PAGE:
SDGs and Multisectoral Partnerships​

The following is the summary of a session that was part of the 2018 Annual Conference.

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Speakers

  • Toshio Arima, Chairman of the Board, Global Compact Network Japan; Senior Advisor, Fuji Xerox Co., Ltd.
  • Hiroko Kuniya, Journalist; Goodwill Ambassador for Japan, UN Food and Agriculture Organization

Summary

Ms. Kuniya began her speech by explaining that in order to achieve Sustainable Development Goals (SDGs), rather than responding to them separately, understand that they are integrated. Many people claim to know about the SDGs, but most of them do not thoroughly understand them. So, clear and deep understanding of the goals is necessary in order to realize them.

The United Nations (UN) started the SDGs because they recognized that there were still unsolved sustainability issues, and in order to overcome those issues, the SDGs were created out of an urgency to save the Earth. Ms. Kuniya emphasized that the SDGs will be achieved through partnership and collaboration.

Mr. Arima agreed that few people in Japan recognize SDGs, but that knowledge about them is expanding. The majority of Japanese companies are small and medium-sized enterprises (SMEs), and they do not show much interest in the SDGs. Top management have ethics which they value even if there is not a direct link to sustaining society. Companies are interested in reporting positive activities because it enhances their branding and image. Japanese companies tend to do the same things as their competitors or peers. So, if some large Japanese companies start to pursue the SDGs, other players could follow suit.

Ms. Kuniya explained that Environment, Social and Governance (ESG) investment is increasing in Japan. In addition, the SDGs are gaining attention because of investments, however, they have to be understood and approached in terms of business opportunities.

Mr. Arima considered why Japanese companies should be serious about the SDGs. The SDGs offer business opportunities, so entities and financial institutions are willing to take those business opportunities. To capture new business opportunities, ventures have to take risks and many Japanese SMEs are not willing to do that.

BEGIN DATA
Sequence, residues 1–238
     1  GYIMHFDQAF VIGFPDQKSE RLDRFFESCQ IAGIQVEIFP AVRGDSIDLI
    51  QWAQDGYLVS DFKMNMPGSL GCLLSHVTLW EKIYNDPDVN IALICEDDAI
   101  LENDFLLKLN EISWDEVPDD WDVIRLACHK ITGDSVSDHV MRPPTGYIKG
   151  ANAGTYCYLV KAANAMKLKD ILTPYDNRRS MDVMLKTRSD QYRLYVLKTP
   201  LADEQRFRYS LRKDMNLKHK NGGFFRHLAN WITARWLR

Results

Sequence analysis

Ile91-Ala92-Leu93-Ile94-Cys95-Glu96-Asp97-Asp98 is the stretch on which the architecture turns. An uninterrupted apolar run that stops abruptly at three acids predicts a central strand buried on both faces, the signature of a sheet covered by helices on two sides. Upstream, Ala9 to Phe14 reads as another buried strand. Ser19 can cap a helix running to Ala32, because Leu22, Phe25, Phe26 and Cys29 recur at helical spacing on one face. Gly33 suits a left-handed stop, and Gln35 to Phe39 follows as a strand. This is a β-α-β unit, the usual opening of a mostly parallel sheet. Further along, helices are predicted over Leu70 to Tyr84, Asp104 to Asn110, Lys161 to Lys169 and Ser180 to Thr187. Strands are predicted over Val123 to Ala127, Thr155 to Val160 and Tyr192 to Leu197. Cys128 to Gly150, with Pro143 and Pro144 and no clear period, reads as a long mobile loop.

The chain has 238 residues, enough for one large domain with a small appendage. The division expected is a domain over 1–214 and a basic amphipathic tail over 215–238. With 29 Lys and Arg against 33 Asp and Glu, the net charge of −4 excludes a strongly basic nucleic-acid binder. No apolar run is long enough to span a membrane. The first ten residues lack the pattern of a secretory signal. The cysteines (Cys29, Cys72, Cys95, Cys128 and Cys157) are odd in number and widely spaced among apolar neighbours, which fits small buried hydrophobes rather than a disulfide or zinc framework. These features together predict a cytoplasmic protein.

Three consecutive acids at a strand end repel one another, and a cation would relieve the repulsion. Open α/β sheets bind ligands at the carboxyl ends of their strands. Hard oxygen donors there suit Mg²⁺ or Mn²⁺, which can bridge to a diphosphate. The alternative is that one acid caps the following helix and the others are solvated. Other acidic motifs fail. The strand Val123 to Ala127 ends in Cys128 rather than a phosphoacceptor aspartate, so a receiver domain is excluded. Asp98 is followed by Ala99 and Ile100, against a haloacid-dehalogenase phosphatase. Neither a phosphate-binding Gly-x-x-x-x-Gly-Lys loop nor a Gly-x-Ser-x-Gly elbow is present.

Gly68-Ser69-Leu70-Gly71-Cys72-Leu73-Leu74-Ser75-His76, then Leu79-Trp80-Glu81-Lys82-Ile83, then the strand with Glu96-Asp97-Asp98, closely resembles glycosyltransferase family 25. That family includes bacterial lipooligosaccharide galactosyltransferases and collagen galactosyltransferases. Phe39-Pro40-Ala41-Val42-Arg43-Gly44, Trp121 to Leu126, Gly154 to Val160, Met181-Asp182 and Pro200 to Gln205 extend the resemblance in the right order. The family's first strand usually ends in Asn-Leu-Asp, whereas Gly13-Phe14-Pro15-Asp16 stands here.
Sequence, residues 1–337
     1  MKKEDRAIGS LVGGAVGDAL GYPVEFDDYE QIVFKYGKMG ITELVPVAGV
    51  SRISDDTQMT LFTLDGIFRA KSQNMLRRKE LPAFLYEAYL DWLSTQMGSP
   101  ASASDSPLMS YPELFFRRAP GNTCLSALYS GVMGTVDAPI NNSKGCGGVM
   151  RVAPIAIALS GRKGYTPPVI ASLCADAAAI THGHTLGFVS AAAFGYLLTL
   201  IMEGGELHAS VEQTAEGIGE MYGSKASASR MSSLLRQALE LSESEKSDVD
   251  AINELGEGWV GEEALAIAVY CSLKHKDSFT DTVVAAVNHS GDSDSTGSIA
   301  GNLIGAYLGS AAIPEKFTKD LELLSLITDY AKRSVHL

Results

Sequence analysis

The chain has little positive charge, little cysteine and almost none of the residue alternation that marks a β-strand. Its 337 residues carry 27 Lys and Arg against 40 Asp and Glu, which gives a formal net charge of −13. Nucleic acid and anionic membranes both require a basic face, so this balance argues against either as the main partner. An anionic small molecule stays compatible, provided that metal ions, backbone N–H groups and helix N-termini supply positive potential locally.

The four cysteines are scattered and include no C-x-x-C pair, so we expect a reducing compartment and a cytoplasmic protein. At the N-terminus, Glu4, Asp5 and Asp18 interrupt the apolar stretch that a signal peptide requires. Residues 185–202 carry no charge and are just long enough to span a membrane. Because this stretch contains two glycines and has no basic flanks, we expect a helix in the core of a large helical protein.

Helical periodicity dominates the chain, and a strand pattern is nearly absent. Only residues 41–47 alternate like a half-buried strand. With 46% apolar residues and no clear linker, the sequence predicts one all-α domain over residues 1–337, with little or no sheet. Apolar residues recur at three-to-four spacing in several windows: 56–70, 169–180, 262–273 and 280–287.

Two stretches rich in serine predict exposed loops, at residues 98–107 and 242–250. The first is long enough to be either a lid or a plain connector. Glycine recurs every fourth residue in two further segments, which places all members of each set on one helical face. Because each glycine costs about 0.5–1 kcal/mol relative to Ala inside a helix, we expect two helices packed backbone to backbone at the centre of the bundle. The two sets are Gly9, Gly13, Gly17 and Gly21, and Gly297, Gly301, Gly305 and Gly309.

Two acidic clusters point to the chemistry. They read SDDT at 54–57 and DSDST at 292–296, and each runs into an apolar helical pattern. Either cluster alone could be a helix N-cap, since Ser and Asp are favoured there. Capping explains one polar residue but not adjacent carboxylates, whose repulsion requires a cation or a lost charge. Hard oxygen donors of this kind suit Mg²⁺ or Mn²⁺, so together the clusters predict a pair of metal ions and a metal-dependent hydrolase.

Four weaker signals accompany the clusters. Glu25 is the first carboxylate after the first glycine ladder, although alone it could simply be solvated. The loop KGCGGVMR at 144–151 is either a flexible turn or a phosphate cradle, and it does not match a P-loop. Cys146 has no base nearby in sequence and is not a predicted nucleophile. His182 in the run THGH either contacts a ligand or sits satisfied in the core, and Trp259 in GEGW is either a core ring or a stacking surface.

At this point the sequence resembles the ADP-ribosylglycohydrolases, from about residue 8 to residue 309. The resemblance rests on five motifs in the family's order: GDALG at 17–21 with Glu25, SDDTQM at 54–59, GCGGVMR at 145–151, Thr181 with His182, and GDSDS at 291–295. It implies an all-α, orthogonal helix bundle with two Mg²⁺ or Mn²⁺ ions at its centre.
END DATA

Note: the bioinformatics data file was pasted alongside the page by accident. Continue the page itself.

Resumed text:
Ms. Kuniya asked what approach should Japanese companies take to pursue the SDGs. Mr. Arima answered that there are four important points in pursuing the SDGs. Those points are inside-out to outside-in, backcasting from the SDGs, business models of integrated values, and the SDGs’ integration into corporate processes and plans. To elaborate, inside-out to outside-in means to approach the goals from a point of view outside of the company looking in, instead of a point of view inside of the company looking out. From the outside-in approach, global and societal needs are prioritized by first dealing with social issues outside of the company and building a business model and company around them. Backcasting involves deciding on a future business model based on future issues and the SDGs, and working backwards to identify policies and programs that will connect that future to the present. The creation of business models not only based around economic values but also an integration of economic and social values which lead to the SDGs is effective for the pursuit of the SDGs. Finally, integrating the SDGs into corporate processes and plans correctly could lead to less resources being used and a smaller CO2 footprint which is aligned with the pursuit of the SDGs.

Ms. Kuniya explained that businesses in Japan want to continue with their current business models. If they do that, then cautious consumers may turn their backs on them. The Cabinet Office is trying to bring the SDGs to cities. Many organizations are encouraged to work together to create cities that are SDG friendly. The top 10 municipalities will be subsidized. Unfortunately, Japanese companies do not see the SDGs as business opportunities due to the non-risk-taking culture. The USJC is trying to work with Silicon Valley organizations, so, Ms. Kuniya asked, “How can Japan link with Silicon Valley companies in order to facilitate pursuit of the SDGs?”

Mr. Arima answered that by putting together collaborations and attempting to interact more, then there could be more cooperation between Silicon Valley and Japanese companies. In order to accelerate SDG movement, Mr. Arima suggested that there should be fusion of American and Japanese culture to work towards new solutions.



Video

Click here to see the video of the session.